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While the Cape has their eyes on the large cold front approaching the Western Cape, those who follow tropical cyclone activity have their eyes on a different area of the world. Over the past few days, in the Eastern Pacific Tropical Storm Barbara which was a hurricane for a short while before landfall – has been moving towards the east-north-east. The storm made landfall as a 75mph Hurricane in southern Mexico, killing two people while making landfall.
While the odds were extremely slim of the storm making it across land with its LLC intact, at this time (08:00GMT 30 May 2013) the storm has just been downgraded into a tropical depression and sits just over land near the Bay of Campeche.
The real interest here is that the storm has almost emerged into water again and still has its low level center intact, it’s almost unheard of for storms to move from the Eastern Pacific into the Atlantic, but this may be one of the rare, and definitely the only time in modern history that it may occur. At this stage there is still a good chance of the system losing its center before emerging, but with that said, there’s been strong convective bursts on the northern side of the circulation and it looks like history may be made.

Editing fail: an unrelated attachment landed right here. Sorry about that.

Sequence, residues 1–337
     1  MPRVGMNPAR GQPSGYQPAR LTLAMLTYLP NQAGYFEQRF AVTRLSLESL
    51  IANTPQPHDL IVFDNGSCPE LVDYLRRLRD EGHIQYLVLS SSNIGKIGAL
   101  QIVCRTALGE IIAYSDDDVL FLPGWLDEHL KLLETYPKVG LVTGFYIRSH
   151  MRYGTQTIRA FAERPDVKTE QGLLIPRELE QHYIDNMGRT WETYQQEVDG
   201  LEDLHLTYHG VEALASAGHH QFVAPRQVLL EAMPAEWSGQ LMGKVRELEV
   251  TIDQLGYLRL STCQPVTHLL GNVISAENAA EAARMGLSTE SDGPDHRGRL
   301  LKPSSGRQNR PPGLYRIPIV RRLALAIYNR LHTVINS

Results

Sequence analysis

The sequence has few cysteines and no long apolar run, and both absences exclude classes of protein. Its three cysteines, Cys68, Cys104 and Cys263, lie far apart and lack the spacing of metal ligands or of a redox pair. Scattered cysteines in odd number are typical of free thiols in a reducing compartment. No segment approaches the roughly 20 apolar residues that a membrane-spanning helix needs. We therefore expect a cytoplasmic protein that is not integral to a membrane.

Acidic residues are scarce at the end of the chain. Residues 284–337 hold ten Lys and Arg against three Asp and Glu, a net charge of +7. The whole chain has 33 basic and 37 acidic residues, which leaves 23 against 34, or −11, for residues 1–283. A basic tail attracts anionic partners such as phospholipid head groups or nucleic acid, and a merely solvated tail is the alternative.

Many of the hurricane trackers are busy trying to establish just how the naming would work, should the storm trek successfully across Mexico and into the Gulf of Mexico. Would the system maintain the name Barbara, or would it receive one of the Atlantic names. And would the storm count towards the annual season hurricane count/season numbers.
At this point there is still a lot of uncertainty, and the storm may not even make it – but should the storm manage to emerge into the warm BOC waters, there are going to be a lot of excited trackers. Stay tuned as I will update this article with any progress of this potentially exciting event.